Wednesday, August 19, 2009

'Happy Birthday' to a Texan Who Lived Long and Prospered .....

Screenwriter and producer Eugene Wesley "Gene" Roddenberry - the creator of one of America's most popular science fiction franchises, "Star Trek" - was born on this day in 1921.

Roddenberry once said, "No one in his right mind gets up in the morning and says, 'I think I'll create a phenomenon today.'" And in fact, he lived many years, filled with a variety of experiences, before he launched the USS Enterprise. Born in El Paso, Texas, he moved to Los Angeles, California, where he studied law enforcement ... then switched to aeronautical engineering, earned his pilot's license, then volunteered for the U.S. Army Air Corps in the fall of 1941. During the war, his service as a B-17 pilot, flying out of Guadacanal, earned him the Distinguished Flying Cross and the Air Medal.

After the war, he was an international pilot for Pan American World Airways, which in those days could be almost as harrowing as military service. He received a Civil Aeronautics Commendation for his efforts during and after a crash in the Syrian desert. Then came his return to law enforcement, as an officer with the LAPD ... and contact with with Jack Webb's "Dragnet" series.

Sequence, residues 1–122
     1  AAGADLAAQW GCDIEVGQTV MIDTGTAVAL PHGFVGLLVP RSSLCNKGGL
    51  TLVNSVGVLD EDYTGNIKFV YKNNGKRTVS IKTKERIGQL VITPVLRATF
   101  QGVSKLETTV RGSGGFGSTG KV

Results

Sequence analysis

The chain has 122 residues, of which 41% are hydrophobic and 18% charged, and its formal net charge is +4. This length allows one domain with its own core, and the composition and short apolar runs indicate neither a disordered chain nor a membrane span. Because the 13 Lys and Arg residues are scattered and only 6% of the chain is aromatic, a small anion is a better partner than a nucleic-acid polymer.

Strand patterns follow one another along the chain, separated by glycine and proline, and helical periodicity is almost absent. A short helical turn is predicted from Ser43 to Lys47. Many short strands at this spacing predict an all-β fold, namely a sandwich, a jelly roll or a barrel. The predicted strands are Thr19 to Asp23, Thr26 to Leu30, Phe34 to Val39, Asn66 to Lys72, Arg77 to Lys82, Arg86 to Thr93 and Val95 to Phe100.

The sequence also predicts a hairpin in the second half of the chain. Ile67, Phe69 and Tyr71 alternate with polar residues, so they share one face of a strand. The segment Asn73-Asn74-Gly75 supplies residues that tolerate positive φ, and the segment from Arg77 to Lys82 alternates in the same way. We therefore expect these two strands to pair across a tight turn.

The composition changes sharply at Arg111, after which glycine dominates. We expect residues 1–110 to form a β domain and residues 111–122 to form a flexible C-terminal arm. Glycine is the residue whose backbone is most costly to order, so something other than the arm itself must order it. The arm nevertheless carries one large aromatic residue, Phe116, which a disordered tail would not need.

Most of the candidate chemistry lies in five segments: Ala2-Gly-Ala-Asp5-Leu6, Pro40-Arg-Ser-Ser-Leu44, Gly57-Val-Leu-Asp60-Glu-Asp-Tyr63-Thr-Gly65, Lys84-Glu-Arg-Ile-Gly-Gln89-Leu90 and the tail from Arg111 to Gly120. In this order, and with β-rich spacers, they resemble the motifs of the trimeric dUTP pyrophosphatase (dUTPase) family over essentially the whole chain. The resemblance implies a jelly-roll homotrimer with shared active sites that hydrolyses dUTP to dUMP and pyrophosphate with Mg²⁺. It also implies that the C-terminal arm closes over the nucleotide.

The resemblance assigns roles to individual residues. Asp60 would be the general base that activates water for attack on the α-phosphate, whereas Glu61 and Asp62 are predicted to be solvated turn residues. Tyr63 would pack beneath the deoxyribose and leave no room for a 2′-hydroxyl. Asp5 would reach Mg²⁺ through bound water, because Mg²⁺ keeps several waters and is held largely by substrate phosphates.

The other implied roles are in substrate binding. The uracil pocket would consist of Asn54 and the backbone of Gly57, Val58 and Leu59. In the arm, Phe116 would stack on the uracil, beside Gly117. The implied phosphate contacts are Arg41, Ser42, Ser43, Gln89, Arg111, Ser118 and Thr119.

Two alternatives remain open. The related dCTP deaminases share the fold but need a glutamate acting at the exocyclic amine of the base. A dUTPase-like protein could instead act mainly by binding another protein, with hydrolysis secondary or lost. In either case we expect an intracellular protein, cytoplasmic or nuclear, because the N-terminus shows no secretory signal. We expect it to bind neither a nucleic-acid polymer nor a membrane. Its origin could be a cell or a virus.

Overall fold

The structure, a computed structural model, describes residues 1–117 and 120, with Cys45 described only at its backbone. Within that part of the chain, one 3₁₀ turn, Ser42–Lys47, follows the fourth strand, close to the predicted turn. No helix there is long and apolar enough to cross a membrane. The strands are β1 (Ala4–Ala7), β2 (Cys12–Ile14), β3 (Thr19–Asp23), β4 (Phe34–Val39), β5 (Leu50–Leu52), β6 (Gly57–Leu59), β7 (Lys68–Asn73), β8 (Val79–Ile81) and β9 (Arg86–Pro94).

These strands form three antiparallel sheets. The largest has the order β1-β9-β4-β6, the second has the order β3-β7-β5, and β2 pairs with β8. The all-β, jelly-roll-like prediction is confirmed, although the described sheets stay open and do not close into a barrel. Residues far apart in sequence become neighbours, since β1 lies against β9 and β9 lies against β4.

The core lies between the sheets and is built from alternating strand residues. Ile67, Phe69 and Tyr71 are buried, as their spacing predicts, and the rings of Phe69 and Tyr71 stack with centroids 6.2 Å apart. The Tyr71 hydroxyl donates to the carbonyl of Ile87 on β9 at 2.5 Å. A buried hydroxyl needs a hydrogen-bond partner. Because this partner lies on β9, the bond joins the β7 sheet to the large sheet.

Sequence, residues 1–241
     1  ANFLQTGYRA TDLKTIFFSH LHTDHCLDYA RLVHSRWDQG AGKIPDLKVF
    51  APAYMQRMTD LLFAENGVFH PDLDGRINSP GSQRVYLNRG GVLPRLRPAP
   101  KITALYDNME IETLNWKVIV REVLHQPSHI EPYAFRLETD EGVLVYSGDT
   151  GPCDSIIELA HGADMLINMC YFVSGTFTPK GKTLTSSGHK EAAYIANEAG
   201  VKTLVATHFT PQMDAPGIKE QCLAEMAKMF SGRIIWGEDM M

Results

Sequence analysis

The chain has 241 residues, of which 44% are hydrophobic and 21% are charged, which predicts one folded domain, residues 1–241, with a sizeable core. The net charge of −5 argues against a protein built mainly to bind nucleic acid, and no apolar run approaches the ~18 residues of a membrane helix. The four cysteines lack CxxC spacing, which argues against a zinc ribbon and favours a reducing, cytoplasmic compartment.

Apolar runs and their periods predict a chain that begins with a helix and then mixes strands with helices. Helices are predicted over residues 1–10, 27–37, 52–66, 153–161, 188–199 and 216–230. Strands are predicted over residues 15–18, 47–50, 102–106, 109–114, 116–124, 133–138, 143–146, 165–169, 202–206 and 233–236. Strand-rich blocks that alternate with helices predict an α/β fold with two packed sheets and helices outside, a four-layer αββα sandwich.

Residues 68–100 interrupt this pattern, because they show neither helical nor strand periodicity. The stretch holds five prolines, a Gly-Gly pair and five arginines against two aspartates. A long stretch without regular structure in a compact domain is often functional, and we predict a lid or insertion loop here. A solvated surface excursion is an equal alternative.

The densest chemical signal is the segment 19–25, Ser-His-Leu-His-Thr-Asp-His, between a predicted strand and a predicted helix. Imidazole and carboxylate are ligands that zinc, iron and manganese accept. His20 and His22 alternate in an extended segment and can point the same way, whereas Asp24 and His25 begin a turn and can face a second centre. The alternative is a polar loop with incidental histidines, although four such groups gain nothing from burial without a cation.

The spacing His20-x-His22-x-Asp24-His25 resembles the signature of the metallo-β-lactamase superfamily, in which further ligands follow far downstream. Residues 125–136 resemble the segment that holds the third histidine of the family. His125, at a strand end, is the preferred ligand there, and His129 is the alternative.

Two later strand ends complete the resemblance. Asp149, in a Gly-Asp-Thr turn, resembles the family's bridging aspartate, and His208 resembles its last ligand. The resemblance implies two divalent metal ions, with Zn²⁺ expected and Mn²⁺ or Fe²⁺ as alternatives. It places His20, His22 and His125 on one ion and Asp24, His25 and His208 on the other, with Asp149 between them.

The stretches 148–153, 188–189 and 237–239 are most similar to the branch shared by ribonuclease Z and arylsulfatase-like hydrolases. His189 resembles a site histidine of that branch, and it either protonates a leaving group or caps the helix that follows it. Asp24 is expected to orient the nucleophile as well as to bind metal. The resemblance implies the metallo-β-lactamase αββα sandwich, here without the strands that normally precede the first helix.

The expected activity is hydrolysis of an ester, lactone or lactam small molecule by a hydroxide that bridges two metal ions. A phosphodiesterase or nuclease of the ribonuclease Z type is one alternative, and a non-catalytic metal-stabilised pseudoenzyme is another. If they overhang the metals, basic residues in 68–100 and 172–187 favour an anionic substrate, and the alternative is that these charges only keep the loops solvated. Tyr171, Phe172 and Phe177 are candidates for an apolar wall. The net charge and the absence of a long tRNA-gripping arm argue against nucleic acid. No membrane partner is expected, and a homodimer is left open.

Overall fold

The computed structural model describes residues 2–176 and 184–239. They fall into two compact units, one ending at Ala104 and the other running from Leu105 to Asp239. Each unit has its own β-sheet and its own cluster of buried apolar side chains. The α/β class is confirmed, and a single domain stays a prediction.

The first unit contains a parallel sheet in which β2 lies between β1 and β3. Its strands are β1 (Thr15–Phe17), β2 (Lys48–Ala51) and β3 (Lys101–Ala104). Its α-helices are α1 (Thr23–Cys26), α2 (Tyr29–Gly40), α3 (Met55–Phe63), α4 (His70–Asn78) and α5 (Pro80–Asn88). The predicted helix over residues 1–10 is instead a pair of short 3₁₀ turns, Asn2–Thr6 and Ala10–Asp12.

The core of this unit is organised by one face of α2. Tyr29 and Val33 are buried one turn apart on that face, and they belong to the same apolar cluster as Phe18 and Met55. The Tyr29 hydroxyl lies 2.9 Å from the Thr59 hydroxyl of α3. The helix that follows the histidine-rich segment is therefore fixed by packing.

All of this before 1966, and "Star Trek." I was a huge fan of the original series, and was thrilled with the chance of meeting Roddenberry in the early 70s, when he spoke at Wilkes College, in Pennsylvania. He made time for every one of us that wanted to shake his hand, and have a few words with him. When I saw him again - in the late 70s, at the University of New Mexico - it was hard (if not impossible) to get close to the man ... there was such a large crowd, and the setting for his presentation did not encourage close contact between speaker and audience. But still, his personality reached out to us all ... and even those of us in the nosebleed seets found ourselves engaged by the man, by his words, and by the Star Trek 'blooper reel' that he brought with him.

I was a Star Trek fan ... but not a Trekkie. I was not attracted to the Star Trek conventions that became such a staple in the 1980s, I don't speak a word of Klingon, and I am not the least bit tempted to dress-up (someone with my physique would look absolutely ridiculous in one of the early uniforms).
But I still admire the man, and his achievements ... and the encouragement he provided for all of us - in one way or another - to "boldly go where no man has gone before."